"A term in the lease that is being breached": Section 5-10-1 of my lease: Not to use any part of the demised premises for...any illegal act or purpose.

On 5th September 2016 a test purchase was made by a team from the Trading Standards Division, and my tenant sold them one pack of cigarettes. they found no other packs on the premises. Seizures over the last 2 and a half years found small quantities of counterfeit cigarettes: 160 cigs (8 packets) on one raid. 20 personal sized pouches of counterfeit tobacco on another raid.

"The quantity seems to reflect personal use and he may be open to selling the odd pack if asked." You expressed that in a way that I've been trying to unsuccessfully for the last few weeks! I could certainly argue that at least if Trading Standards were to prosecute me for receiving the Proceeds of Crime.

What is becoming increasingly clear to me is yes I do have the legal power to deliver a section 146 (of the 1925 Law of Property Act) notice to my tenant and then make peacable re-entry. What do you think?

I have even thought this week that I might simply offer the tenant 1000 quid to go. He would have to leave and also to sign a statement that he agrees to terminate the lease. Then I'd pay him.

However it feels like getting ready to jump into a cold swimming pool. The property is in an area where there are a high percentage of vacant shops One in 10 perhaps. And the estate agent said, "Prepare yourself for a six month to a year wait for a new tenant, who would in all likelihood pay a half of what your current tenant is paying,. You'll be paying building insurance. And then rates after 3 months. And your building insurance will go up while the property is empty." Scary!

If you have any more comments/ideas I'd be very happy to hear from you.

Best regards,


Guest Avatar
Duped 11th March, 2017 @ 19:39

Can somebody give some advice please, my flat which is about to be sold and has been empty for a couple of months has intruders in it, a Rumanian family has moved in alleging that they paid a gypsy 1,500 pounds but they have no contract and don't even know the name of the landlord! The police have been round but did not remove them and said the owner has to get a court order. I am disgusted as I thought the new law made this kind of thing a criminal offenceS144 of the 2012 Act, now I dont have the time or money to pursue a court process, any advice would be most welcome!Can I enter the flat and change the locks or something since I am the owner and they are not my tenants!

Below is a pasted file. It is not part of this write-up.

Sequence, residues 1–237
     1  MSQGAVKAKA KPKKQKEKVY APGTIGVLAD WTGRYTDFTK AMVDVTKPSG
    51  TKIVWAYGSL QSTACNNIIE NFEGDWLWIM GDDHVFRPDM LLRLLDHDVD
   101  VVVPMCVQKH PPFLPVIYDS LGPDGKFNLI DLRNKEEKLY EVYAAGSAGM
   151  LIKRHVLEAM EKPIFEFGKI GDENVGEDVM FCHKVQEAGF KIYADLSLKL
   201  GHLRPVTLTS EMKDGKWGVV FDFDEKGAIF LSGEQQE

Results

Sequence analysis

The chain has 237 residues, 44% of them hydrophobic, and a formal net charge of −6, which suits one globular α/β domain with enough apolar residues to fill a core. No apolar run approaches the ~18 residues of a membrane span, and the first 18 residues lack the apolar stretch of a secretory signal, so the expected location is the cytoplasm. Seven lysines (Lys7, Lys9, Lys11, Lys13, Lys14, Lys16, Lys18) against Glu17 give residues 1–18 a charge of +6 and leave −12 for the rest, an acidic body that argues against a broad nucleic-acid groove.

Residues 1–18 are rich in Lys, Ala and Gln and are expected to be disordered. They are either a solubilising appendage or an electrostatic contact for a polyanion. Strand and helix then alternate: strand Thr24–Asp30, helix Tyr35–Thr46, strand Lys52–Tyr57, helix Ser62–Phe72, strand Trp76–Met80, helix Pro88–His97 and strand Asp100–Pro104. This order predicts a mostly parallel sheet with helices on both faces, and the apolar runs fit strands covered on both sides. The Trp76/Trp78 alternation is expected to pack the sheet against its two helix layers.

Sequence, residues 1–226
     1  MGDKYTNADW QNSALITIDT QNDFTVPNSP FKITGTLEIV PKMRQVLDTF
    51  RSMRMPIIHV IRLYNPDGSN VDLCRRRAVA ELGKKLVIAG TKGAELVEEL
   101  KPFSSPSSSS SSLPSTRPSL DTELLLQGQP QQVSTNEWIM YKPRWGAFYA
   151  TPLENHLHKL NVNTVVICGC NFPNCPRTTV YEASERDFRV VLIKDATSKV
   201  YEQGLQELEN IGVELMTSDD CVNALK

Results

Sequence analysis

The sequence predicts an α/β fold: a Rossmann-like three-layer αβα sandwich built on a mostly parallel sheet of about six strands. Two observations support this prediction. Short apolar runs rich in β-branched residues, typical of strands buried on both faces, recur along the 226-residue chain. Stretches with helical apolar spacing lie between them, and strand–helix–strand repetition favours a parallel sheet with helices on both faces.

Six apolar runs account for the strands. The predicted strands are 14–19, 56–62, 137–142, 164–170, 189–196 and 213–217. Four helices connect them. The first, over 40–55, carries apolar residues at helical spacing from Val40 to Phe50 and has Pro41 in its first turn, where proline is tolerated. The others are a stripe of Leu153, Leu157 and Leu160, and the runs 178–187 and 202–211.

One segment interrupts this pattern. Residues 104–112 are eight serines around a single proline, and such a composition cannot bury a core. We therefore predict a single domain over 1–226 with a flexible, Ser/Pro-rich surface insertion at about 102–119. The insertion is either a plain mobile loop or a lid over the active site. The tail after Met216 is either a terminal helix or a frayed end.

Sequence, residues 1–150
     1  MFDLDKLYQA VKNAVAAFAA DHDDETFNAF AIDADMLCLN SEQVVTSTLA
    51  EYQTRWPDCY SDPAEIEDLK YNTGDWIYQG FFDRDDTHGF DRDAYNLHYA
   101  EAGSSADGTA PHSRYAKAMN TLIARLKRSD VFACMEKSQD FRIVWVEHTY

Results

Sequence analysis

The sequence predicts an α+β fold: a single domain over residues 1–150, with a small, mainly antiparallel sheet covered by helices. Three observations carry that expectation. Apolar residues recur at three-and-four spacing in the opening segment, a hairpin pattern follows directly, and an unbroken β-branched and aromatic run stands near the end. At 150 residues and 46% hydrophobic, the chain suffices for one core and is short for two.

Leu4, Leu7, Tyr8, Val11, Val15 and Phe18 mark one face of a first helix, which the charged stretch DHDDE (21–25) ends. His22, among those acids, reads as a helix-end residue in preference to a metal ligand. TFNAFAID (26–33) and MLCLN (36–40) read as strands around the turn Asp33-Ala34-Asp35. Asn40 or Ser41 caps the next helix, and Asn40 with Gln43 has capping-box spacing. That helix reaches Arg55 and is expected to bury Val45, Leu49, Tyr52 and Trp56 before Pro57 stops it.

Guest Avatar
Nige 11th March, 2017 @ 20:22

Take other advice but my advice is to wait until they all go out and change the locks. They are squatting and as you say they have no documentation as to a lease/tenancy and no proof that they paid money.
One problem is who actually gained the initial entry..the gypsy or the squatter.

Guest Avatar
David 12th March, 2017 @ 18:52

I can see why it would be tempting to wait till you think they have all gone out, but they are wise to this and always leave people in there.

They usually massively over occupy. You will be committing a crime if you physically evict people without a court order. Also there is nothing stopping them breaking back in so you have to put security into the building.

Do you have a a valid tenancy agreement with anybody?

If yes and that person has sublet you need to go through the usual S8 process. You can then escalate the CCJ to the high court and as long as you are only going for possession (not for rent or damages) it is relatively easy ( I am sure you have see it on "Can't pay" on C5 or myC5 catch up).

If NOT (as it sounds) and if it is a residential property (not an commercial premises) then legally they are squatting.

Even if they "invent" a Gypsy, if that Gypsy never had a legally binding tenancy agreement they are squatting.

You need to serve them with an Interim Possession Order (IPO) within 28 days of becoming aware of the squatters.

Having served them with an IPO it switches around and it is the squatters who can be sent to prison if they don’t leave within 24 hours, they must also stay away for 12 months, so if they break back in they face jail.

There are links to the forms here

The IPO claim is £355 (do not use PCOL it is for rent arrears or damages)

It is advisable to go early in the morning at 6am, you need "feet on the ground", so have a locksmith meet you and tell the local Police station that you will be evicting 24 hours after the IPO has been served.

They will block doors front and back to try to prevent you serving.

If you were evicting a family who did not leave after a CCJ the Judge may not agree escalation if they are vulnerable, but considering who is in there I would suggest you use HCEO's because of the number

Details here:

If you have sold the property with vacant possession and the buyer does not get it they may come after you for their costs.


Please leave a comment...